The praise in Psalm 145 is fueled by recounting abundantly rich truths that are put forth about God’s greatness and goodness. If God’s greatness is most notably manifested in his power, God’s goodness is most clearly seen in his love. Both are essential to equally understand not only because both qualities are represented in Scripture, but because we need to grasp both in order to relate to God faithfully. This is because, throughout Scripture, our God is put forth both as a majestic King and a kind Father.

This means that if he was powerful and not loving (great and not good), he would be unapproachable and not worthy of praise for acts of personal goodness. However, if he was loving and not powerful (good and not great), he would be very approachable, but could not be fully trusted because he would lack the ability to accomplish his good desires. Thankfully our God is both great and good and our understanding of these attributes of God can be often discerned by our praise to God because of these attributes. And I’m not mainly referring to singing a few songs on Sunday mornings, but how often and quickly we exalt God for his powerful and loving work in our lives.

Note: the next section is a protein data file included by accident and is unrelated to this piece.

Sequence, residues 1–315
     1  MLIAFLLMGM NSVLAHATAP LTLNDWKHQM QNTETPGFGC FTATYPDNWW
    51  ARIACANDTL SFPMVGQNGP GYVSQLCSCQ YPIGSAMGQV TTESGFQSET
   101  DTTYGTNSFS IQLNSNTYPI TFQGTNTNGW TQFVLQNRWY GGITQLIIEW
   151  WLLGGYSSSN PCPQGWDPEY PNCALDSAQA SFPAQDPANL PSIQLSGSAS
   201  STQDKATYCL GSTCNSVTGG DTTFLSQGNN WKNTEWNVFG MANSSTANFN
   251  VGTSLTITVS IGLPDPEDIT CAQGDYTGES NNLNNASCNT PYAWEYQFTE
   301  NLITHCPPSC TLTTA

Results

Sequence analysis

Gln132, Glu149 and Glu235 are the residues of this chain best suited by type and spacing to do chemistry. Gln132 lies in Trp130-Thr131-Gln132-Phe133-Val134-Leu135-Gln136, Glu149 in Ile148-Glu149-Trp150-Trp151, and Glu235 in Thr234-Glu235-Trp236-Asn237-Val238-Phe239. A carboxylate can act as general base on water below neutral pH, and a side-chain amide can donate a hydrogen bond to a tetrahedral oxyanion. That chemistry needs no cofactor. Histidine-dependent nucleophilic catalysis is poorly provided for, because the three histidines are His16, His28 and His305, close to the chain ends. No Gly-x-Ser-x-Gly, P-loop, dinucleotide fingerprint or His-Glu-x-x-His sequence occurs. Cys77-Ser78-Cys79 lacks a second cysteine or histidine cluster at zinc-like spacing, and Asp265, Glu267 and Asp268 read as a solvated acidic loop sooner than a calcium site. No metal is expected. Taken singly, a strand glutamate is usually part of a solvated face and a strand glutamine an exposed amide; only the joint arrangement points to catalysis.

For instance, if we lose sight of his greatness, we won’t fully submit to him in godly fear and we will fail to acknowledge all the ways his power is at work in this world and in our lives. That can lead to trusting in our own strength or natural reasoning, instead of relying upon God’s power to do only what he can do.  Additionally, if we lose sight of his goodness, we can easily become disillusioned with our circumstances and start to wonder if God even cares at all or wrongly assume that the Lord has an allotment of kindness assigned to us and we have already exhausted it. Moreover, there’s even a way to acknowledge his goodness gratefully, but instead of humbly praising him, we can presume upon his goodness by thinking that of course God would bless such a faithful and fairly decent person (Pharisee—Luke 18).

May we think of our great and good God rightly so that we may worship him rightly.